The basic idea for this project was triggered during the “Knowledge, Youth and Global Commons” international conference, held at Woerthersee, Austria in mid-September 2011. (this link will provide you with the programme of the conference, but also give you access to our notes from the conference – do read those – as they share both thought provoking and inspiring quotes and insights)
As we discussed and brainstormed the situation in the regions we have been active in thus far (South East Europe, Central and Eastern Europe, Russia, Central and Eastern Mediterranean) one point kept surfacing – in order to make any significant, long term change that would impact the quality of life, the route of development and future generations – we need to educate people on sustainability and related concepts (from sustainable development and sustainable way of life, to sustainability in business, sustainability science, sustainability management).
While in the Western countries sustainable development can be found as a separate subject in schools’ and university curricula, less developed countries, countries in transition, and countries related to as “emerging markets” were still a long way from even considering of introducing sustainable development in schools’ curricula. In most cases this lack of action is caused by other internal (and often external) issues that seem to be more pressing (political turbulence, economic hardship, human rights issues, difficult transition period and similar). Still, what could be more pressing than ensuring the sustainable future for the generations to come? (Not to mention that Sustainable Development “ties together concern for the carrying capacity of natural systems with the social challenges faced by humanity, and that the concept of sustainable development is often broken out into three constituent parts: environmental sustainability, economic sustainability and sociopolitical sustainability” / Wikipedia)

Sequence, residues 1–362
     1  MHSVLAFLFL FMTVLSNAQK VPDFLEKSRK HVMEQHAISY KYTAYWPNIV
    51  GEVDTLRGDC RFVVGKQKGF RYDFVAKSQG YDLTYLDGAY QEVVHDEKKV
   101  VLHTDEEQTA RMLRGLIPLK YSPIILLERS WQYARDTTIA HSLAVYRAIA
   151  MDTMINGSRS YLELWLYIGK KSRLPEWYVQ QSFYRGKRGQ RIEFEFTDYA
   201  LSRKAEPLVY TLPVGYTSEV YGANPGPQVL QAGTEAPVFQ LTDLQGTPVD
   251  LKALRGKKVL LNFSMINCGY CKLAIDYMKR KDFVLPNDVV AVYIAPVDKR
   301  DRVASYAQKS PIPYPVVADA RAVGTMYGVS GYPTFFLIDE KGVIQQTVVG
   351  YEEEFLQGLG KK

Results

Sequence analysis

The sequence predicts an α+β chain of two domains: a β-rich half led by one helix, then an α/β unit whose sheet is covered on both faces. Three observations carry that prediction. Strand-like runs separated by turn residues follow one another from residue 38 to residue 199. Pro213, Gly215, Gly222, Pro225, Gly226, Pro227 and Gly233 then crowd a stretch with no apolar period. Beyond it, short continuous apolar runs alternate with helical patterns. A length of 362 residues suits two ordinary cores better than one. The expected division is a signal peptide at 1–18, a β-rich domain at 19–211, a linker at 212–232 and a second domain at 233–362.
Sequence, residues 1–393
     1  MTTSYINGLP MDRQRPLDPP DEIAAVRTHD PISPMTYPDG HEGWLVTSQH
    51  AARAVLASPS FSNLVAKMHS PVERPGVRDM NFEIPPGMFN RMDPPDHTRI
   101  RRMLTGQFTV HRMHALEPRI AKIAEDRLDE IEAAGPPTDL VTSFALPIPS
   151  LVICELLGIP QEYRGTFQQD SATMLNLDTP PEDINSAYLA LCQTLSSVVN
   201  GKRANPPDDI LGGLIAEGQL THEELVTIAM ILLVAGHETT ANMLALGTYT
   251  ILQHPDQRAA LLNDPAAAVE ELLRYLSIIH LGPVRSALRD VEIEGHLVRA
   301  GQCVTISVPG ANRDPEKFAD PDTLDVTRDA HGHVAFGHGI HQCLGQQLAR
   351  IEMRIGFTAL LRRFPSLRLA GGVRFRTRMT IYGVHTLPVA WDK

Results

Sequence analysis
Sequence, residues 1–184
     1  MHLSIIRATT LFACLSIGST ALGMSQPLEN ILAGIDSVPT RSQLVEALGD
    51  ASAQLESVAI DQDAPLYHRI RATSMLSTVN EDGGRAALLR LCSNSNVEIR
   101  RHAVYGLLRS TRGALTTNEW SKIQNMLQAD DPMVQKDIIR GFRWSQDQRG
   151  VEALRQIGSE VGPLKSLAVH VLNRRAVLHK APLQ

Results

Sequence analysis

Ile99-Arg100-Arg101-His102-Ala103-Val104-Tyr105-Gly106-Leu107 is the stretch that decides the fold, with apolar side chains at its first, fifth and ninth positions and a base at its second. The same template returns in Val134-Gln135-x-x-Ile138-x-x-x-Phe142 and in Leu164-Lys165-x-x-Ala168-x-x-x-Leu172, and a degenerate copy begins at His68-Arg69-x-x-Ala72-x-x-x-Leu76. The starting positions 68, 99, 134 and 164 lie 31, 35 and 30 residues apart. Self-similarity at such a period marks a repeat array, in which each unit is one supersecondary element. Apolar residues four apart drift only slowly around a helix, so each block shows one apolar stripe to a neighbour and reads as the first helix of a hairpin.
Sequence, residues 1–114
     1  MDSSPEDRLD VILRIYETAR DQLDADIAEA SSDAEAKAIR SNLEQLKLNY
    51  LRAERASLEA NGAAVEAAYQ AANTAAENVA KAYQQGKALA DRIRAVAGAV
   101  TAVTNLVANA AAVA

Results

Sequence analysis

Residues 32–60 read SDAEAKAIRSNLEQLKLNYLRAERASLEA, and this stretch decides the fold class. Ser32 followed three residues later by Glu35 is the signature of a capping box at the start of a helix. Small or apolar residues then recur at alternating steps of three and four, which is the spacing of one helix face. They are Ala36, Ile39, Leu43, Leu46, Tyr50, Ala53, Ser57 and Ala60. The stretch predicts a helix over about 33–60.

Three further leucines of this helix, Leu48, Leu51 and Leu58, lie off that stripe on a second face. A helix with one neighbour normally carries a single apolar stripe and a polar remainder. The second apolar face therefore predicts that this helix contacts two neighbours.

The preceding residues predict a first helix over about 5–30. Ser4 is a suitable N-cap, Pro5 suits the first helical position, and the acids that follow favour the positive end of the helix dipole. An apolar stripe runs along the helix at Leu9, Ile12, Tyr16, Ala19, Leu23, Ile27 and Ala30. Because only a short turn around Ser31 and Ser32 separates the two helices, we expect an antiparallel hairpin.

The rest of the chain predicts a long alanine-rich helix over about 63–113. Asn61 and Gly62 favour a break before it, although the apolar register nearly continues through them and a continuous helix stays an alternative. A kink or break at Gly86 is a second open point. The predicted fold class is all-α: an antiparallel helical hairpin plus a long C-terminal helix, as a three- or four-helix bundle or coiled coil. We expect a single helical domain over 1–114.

When asking ourselves “what would be the most effective way of helping”, we defined our answer as “let’s do our best to help introduce Sustainable development in the schools’ curricula in the countries and regions where that is not yet the case.” And here we are trying to do just that.
This website was created as a hub, a meeting point, if you will, where we will share not only the progress of this project, but also case studies and practices done by different organizations, businesses, municipalities and governments, we will give you insights in sustainable lifestyle, sustainable science, sustainable economy, we will share facts and stories, opinions and ideas, with the hope that some (or all) of it will inspire you to join us in creating a sustainable future for our children.
Please read the Project Brief and Frequently Asked Questions for more information, and there is also the Wiki page, with more detailed data on educational systems, legislative framework, environmental and sustainability issues, green economy.
We would love to have you on board, helping us during implementation of the project – if you’d like to join in, please check out Join Us tab. And that’s not all – check back daily for blog posts, subscribe to our newsletter, and join us on social networks.
Posted by Sandra Antonovic; Sandra is the International Projects Director and Chair of the Board of Nektarina Non Profit. She serves on a pro bono basis.